Saturday, August 29, 2009


Israel has been policed by a national police force. Its government is now planning to establish local police departments like those in the United States. Is that a good idea?" I don’t think so. Israel is a tiny nation well suited for having all of its entities protected and served by a national police force.

The system in America, where every little town has its own police force, has some real drawbacks. Foremost among them is the politicization of local police agencies. Even large cities are not immune from undue political influence. It appears that one of the main goals of the Houston Police Department is to make the city’s mayor look good in order to enhance his chances of securing the U.S. Senate seat being vacated by Kay Bailey Hutchinson.

Canada has a much better policing system. There are the metropolitan area police departments such as those for the Toronto, Montreal and Hamilton areas which include the smaller cities and towns bordering on or surrounding those entities. And many of Canada’s cities and towns contract either with the Provincial Police or with the Royal Canadian Mounted Police for their policing needs.

In the United States some of the best policing, and the least politicized, is found in the regional or metro police agencies that have been established in many parts of Virginia and Maryland, and in some parts of Florida, Tennessee and several other states. These regional police agencies eliminate the fragmentation and duplication of police functions and services found throughout the country. And regional police agencies are much more cost efficient and offer a much higher quality of police services than the traditional local police departments.

So my advice is that Israel stick with its current national police setup and forget local policing. The report on the Israeli government’s proposal follows:

by Nissan Ratzlav-Katz
August 28, 2009

The Israeli government is planning to establish a system of local The Israeli government is planning to establish a system of local city police forces, dedicated to exclusively serving specific urban regions throughout the nation. The question remains as to under whose authority they would operate, their respective mayor's or that of the national police. On Tuesday, the issue was debated in a forum for municipal government leaders and security chiefs, attended by Police Commissioner Dudu Cohen and Public Security Minister Yitzchak Aharonovitch.

Shlomo Bouhbut, chairman of the Union of Local Authorities (ULA), told the gathering, "There is a need for thousands of more police officers and we are prepared to pitch in and assist the Public Security Minister. In our view, the proper approach is the American model, making the police subject to the mayor."

In full agreement with Bouhbut was the chairman of the ULA's Security Committee, Avi Naim. He explained the union's position further: "Only the mayors are familiar with the situation from up close, with all of its problems: vandalism, violence, reckless driving, a lack of security guards in the educational institutions, alcohol abuse, and all such problems at our doorsteps. We - the mayors, the security officers, the city hotlines, the patrolmen and the inspectors - deal with them every hour of every day. The mayor must head the local police in collaboration with the [national] police department in order to solve the citizens' daily problems. If he fails to do so, he won't be reelected."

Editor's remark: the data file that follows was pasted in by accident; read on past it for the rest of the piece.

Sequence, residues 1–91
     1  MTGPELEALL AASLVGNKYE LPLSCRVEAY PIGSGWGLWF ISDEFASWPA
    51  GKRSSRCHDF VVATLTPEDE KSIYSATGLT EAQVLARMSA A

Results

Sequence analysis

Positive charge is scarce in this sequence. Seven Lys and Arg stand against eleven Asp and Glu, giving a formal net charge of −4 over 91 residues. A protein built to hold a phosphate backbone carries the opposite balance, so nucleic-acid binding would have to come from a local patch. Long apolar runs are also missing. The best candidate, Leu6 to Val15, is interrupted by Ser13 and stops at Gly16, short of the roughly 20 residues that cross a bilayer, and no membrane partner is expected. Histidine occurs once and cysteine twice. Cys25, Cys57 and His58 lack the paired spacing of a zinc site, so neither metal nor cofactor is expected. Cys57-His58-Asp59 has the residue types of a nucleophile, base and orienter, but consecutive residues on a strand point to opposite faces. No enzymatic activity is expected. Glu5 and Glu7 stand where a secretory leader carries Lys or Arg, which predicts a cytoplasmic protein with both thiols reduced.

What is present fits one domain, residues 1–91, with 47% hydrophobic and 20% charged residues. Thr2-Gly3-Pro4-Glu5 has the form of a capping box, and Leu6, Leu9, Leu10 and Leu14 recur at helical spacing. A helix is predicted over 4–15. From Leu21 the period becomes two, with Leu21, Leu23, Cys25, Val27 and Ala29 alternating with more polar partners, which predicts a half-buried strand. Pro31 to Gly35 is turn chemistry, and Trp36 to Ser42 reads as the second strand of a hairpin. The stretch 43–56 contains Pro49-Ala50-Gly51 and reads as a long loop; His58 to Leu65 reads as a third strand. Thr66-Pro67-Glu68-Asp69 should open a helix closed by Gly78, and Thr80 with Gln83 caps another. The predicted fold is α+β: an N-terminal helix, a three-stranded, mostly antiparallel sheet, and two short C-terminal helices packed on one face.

Minister Aharonovitch rejected the proposal to incorporate the local police forces into the nation's municipalities.

"I have full confidence in you, mayors, and I think that with today's level of violence only the mayors will be able to bring about a strengthening of personal security for the citizens of Israel," he said. "On the other hand, I was in America, and the American model is not appropriate for us. We need a large-scale local police force that will learn about the needs of the municipalities. The Israel Police Department has made a great effort and allocated many resources to the start of this learning process."

Israel Police Commissioner Cohen agreed that the local police departments must be a strong force in the nation. However, like the minister, he called for maintaining "one military, one Israel Security Agency, and one national police force."


Naim said that the local police forces could theoretically be deployed as early as next year. "Then we'll see a significant improvement in the public's personal security situation. People will be able to enjoy a walk on the promenade," he said enthusiatically.

The chairman of the Union of Regional Councils, Shmulik Rifman, expressed opposition to the idea of local police departments altogether. He doubted that it would help drive down crime in the country, saying, "Only a strong police and judges unafraid to hand down punishments will deter criminals and cause them to think twice."

Rifman was echoing the point of view expressed by Prime Minister Binyamin Netanyahu earlier this week. At the weekly cabinet meeting, he said, "For a long time I have thought that the punishment for violent crimes in Israel is not strong enough, that there is not enough deterrence." Netanyahu has not staked out a position on the issue of authority over the local police departments, but he is thought to support a national oversight.

In contrast, Finance Minister Yuval Steinitz, who has discussed the budegtary issue with Minister Aharonovitch, has said that the American model would be the most effective under current circumstances.

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